Page:United States Statutes at Large Volume 104 Part 6.djvu/826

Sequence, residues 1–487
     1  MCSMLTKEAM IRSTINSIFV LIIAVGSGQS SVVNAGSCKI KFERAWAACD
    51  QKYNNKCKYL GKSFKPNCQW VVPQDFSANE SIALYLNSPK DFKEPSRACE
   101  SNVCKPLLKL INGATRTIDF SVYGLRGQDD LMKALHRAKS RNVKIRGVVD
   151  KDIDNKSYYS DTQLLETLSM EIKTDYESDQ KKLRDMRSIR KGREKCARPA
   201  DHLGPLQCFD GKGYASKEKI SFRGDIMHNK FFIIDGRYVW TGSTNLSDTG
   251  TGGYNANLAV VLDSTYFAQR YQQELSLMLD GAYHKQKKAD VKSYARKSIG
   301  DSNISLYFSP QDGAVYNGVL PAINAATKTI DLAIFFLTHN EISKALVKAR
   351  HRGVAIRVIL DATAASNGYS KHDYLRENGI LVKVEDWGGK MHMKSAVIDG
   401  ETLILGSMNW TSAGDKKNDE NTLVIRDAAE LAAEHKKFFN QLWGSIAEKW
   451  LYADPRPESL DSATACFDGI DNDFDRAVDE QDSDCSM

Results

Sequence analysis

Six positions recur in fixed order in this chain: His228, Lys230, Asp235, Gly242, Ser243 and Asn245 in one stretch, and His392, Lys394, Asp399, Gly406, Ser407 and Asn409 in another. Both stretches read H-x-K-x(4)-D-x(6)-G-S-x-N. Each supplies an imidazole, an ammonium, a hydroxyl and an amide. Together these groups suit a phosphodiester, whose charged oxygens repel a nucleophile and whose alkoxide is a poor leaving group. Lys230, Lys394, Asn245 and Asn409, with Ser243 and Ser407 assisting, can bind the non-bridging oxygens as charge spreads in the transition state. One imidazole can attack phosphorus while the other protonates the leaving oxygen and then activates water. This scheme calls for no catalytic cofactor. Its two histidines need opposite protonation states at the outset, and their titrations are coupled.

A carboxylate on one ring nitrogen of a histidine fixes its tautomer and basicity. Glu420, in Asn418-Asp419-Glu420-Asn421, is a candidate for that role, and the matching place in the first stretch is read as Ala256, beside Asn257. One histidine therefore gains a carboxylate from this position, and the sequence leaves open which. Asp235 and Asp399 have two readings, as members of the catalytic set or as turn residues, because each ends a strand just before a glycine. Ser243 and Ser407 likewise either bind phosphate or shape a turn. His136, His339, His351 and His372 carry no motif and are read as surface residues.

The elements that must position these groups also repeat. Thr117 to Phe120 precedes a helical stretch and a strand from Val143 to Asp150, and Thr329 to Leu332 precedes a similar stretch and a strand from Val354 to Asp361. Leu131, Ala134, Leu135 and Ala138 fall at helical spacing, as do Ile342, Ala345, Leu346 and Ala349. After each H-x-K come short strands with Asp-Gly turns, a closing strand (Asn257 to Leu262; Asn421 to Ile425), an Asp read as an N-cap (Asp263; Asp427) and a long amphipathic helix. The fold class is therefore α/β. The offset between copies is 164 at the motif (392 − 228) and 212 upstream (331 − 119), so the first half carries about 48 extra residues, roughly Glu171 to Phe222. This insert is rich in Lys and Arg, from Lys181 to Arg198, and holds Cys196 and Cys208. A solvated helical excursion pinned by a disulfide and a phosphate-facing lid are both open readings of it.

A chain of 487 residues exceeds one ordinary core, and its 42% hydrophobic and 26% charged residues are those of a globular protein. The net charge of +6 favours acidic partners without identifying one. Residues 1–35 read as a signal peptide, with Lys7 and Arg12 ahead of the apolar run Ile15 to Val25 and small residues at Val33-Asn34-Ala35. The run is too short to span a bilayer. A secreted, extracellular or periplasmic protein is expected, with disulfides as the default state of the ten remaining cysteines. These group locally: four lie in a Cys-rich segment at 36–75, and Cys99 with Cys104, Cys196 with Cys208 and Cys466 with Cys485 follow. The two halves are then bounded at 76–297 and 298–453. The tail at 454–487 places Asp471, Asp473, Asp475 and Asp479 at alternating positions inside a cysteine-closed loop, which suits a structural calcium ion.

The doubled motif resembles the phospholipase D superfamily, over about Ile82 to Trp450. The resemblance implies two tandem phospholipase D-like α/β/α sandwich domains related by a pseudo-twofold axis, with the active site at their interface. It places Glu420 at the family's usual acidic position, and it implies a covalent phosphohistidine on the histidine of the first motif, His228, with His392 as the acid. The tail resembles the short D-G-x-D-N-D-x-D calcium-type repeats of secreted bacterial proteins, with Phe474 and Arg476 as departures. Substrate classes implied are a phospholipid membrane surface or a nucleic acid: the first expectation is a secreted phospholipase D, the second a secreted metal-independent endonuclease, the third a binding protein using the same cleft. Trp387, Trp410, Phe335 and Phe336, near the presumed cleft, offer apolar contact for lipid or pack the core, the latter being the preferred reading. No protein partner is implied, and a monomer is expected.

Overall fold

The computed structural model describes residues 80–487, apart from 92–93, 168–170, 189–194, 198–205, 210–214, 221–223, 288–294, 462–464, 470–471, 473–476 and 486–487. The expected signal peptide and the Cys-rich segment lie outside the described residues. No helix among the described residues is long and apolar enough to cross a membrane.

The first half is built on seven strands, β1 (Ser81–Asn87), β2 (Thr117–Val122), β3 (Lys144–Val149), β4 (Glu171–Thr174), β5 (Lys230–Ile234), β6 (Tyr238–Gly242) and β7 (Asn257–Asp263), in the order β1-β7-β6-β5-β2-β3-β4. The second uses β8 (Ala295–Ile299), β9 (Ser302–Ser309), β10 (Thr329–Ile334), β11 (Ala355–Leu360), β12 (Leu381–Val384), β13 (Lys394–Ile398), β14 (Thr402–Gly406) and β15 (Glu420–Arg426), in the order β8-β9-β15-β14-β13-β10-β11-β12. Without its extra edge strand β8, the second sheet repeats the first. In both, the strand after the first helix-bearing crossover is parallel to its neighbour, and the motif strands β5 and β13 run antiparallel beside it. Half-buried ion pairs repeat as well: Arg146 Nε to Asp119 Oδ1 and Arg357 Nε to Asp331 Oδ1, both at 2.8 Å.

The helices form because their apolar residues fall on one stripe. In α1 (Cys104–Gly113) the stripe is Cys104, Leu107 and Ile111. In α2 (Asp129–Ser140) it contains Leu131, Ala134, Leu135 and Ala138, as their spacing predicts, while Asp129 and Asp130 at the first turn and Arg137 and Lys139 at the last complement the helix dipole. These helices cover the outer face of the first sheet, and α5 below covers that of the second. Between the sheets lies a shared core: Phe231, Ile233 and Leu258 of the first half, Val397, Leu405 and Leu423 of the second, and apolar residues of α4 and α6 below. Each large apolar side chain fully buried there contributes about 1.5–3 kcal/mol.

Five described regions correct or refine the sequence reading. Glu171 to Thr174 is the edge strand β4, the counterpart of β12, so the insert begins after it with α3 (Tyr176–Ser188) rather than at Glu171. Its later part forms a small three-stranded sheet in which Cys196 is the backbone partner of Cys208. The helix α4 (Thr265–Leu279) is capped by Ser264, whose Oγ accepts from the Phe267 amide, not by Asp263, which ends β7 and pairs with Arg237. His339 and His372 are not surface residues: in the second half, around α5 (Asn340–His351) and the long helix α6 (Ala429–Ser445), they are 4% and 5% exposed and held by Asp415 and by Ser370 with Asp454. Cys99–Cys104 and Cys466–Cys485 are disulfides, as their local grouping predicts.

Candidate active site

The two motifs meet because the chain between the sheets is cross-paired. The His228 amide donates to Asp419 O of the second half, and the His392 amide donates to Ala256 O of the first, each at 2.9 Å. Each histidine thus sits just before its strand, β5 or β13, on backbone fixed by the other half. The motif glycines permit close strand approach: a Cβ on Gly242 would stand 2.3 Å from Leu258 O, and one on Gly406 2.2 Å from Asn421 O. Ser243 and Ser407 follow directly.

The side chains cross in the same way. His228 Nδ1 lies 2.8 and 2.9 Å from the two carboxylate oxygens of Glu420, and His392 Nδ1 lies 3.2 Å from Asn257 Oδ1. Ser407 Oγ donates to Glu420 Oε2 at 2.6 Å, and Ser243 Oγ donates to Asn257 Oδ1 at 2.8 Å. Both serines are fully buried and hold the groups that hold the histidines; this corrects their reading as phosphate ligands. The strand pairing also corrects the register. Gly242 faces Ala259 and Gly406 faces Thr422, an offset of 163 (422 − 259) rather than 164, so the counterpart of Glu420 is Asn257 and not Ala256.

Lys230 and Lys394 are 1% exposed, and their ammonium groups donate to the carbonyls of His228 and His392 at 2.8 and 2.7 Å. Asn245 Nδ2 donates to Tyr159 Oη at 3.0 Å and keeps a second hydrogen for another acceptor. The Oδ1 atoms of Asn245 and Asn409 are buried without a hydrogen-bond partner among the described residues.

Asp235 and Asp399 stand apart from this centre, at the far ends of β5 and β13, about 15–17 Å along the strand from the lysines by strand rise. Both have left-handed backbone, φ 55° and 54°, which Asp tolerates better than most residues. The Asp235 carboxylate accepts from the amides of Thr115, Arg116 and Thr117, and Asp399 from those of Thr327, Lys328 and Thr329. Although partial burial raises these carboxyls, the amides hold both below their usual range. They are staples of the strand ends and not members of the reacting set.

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104 STAT. 5216 PROCLAMATION 6097—FEB. 16, 1990 Home health services offer comfort and dignity to patients recovering from illness or injury, to persons incapacitated by mental or physical handicaps, to the terminally ill, and to those suffering from chronically disabling diseases. By rendering such services. Visiting Nurse Associations are making an important difference in the lives of individuals and families across the country. In recognition of the efforts of those dedicated and hardworking men and women who make the work of Visiting Nurse Associations possible, the Congress, by Senate Joint Resolution 103, has designated the week beginning February 18, 1990, as "National Visiting Nurse Associations Week" and has authorized and requested the President to issue a proclamation in observance of this week. NOW, THEREFORE, I, GEORGE BUSH, President of the United States of America, do hereby proclaim February 18 through February 24, 1990, as National Visiting Nurse Associations Week. I urge all Americans to join me in observing this week with appropriate programs, ceremonies, and activities. IN WITNESS WHEREOF, I have hereunto set my hand this sixteenth day of February, in the year of our Lord nineteen hundred and ninety, and of the Independence of the United States of America the two hundred and fourteenth. 1 GEORGE BUSH Proclamation 6097 of February 16, 1990 258th Anniversary of the Birth of George Washington By the President of the United States of America A Proclamation A man who "knew no glory but his country's good," George Washington was not only indispensable to the founding of our Nation but also set a standard of public service that every President since has labored to uphold. Indeed, the free Republic planted on this soil more than 2 centuries ago could not have taken root and prospered without his leadership and example. As Commander of the Continental Army during the Revolutionary War, George Washington made an effective fighting force out of his hastily assembled and frequently ill-equipped troops. His actions during the war reflected consummate skill as a military leader—and unfailing confidence in the ideals enshrined in our Declaration of Independence. Indeed, it was personal loyalty to General Washington that held together the American troops at Valley Forge through the long, bitter winter of 1778. Having helped the American colonies gain their independence from the British Crown, George Washington later became a central figure in ef- forts to shape a government for the new Nation. After the Revolution, it became increasingly clear that the Articles of Confederation—which had loosely assembled the 13 States in a "league of friendship"— needed to be revised. The struggle for independence, the cause that